Fortunately, a major new book by the eminent U.S. economist Robert Pollin (Contours of Descent: U.S. economic fractures and the landscape of global austerity, Verso Books, London, 2003) does an excellent job of demystifying the true nature of boom and bust in the U.S. and clearly identifying the effects on different sections of U.S. society as well as on the rest of the world. In addition to this critical assessment, Robert Pollin goes beyond analysis in seriously putting forward alternative economic policies. What is even more important is that he manages to do all this in a lucid and highly readable style, which makes the book very approachable for the non-economist.
Pollin's analysis begins by identifying three types of problems that mean that the market mechanism's ability to promote sustained economic growth (not to mention stable and egalitarian growth) is severely limited. He describes these as "the Marx problem", "the Keynes problem" and "the Polanyi problem".
The Marx problem, according to Pollin, is that capitalist profitability requires strong bargaining power vis-a-vis labour, which in turn requires a reserve army of labour, in the form of unemployment or underemployment. The global economic integration brought about by neoliberalism has eroded the position of U.S. workers, even as it has also undermined the bargaining power of workers in developing countries, where remunerative jobs have not increased with the increases in labour force.
The Keynes problem relates to the inherent instability of private investment activity, which generates the mass unemployment, financial crises and recessions associated with capitalism. Financial markets, in particular, are prone to speculative behaviour, and neoliberal policies that minimise government intervention to stabilise investment and regulate finance, have contributed to such social pathologies.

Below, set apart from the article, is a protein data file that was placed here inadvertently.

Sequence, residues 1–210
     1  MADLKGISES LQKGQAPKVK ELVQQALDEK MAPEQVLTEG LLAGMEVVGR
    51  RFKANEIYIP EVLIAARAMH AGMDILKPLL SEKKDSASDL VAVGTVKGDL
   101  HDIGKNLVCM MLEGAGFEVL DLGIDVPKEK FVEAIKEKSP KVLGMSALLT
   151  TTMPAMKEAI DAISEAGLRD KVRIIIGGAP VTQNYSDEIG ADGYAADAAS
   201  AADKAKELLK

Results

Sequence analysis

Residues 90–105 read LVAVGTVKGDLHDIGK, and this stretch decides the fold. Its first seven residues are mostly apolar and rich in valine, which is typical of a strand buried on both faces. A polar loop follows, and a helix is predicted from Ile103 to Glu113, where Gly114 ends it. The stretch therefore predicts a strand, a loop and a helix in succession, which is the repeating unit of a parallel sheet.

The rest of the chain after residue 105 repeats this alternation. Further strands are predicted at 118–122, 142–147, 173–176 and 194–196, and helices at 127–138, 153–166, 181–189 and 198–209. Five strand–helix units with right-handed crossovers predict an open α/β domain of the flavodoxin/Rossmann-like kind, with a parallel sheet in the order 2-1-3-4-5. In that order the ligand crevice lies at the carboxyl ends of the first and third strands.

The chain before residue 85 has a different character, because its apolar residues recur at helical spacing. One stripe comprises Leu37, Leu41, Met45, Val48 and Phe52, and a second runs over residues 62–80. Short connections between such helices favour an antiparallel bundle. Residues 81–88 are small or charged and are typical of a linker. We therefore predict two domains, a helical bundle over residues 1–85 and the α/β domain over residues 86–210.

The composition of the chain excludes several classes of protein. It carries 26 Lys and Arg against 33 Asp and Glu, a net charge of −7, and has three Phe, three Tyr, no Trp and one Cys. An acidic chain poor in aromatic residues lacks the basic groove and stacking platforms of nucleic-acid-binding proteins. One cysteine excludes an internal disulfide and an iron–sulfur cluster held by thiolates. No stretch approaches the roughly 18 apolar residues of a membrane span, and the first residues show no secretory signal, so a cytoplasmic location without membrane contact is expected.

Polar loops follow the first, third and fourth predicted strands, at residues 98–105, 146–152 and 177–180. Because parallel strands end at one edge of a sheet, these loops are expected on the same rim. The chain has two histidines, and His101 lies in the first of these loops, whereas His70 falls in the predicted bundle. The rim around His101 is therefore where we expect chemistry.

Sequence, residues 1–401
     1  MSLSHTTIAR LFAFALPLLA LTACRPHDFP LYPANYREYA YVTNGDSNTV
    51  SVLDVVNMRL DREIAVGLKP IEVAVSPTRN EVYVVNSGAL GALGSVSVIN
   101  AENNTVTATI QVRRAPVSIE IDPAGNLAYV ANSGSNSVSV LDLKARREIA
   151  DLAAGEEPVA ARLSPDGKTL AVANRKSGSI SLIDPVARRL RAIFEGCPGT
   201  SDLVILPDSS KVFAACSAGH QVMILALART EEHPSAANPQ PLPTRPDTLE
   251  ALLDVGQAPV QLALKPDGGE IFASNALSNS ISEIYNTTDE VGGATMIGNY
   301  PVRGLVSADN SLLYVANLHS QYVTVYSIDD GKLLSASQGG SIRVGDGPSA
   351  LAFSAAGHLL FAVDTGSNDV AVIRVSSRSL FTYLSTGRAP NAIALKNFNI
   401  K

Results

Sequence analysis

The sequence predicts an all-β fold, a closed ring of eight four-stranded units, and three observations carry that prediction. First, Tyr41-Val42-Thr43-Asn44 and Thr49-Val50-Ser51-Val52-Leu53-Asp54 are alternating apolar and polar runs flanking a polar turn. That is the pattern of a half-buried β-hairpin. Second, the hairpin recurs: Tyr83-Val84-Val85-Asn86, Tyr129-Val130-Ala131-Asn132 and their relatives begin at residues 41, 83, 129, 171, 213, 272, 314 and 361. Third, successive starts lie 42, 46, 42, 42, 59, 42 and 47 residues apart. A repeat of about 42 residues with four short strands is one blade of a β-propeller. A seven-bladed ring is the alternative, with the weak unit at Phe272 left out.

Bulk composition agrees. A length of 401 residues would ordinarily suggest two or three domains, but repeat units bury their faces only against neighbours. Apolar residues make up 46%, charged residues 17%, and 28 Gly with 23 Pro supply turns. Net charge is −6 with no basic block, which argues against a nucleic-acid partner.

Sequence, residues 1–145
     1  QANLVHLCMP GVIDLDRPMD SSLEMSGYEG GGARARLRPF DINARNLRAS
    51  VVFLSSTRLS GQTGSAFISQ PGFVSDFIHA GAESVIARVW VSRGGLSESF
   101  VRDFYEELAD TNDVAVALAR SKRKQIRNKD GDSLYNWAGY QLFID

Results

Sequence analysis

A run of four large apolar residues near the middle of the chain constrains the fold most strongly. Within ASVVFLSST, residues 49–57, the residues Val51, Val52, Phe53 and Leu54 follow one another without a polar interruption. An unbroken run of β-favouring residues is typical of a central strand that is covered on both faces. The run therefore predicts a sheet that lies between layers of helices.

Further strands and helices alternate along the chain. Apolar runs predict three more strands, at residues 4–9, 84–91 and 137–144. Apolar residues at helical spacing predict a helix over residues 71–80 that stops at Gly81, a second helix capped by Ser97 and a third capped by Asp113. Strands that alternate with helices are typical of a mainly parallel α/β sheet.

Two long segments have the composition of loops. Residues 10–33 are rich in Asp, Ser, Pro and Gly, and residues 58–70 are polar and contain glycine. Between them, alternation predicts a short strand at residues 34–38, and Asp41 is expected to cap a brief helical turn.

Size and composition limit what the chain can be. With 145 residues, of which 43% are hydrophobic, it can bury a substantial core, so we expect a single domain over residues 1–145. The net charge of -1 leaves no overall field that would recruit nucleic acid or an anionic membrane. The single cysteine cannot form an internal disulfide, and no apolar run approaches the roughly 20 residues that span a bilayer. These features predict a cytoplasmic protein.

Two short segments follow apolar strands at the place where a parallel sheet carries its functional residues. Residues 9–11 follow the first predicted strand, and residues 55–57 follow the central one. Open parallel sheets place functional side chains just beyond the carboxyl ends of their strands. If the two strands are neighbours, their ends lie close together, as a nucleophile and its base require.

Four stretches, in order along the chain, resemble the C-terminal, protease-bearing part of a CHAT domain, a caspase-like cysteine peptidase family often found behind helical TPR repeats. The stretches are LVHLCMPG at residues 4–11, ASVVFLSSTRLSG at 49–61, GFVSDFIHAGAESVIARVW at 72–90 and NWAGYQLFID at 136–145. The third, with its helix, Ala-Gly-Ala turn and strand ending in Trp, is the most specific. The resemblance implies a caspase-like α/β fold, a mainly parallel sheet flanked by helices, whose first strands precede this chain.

The Polanyi problem is that markets that are not "embedded" in social norms and institutions that refer to some notions of fairness and the common good, will give unfettered play to acquisitiveness and competition as dominating cultural forces. This does more than create an unpleasant society; the excessive promotion of private greed tends to encourage lawlessness and make the market system itself dysfunctional.
Attempts to resolve these problems gave rise to the emergence of different forms of social democratic capitalism and reliance on the welfare state, in the second half of the 21th century. Pollin recognises these systems as having serious and persistent difficulties. But the social and political backlash against such difficulties generated a reversal towards the cruder forms of free market capitalism, which have brought all these problems back in a much more dramatic way.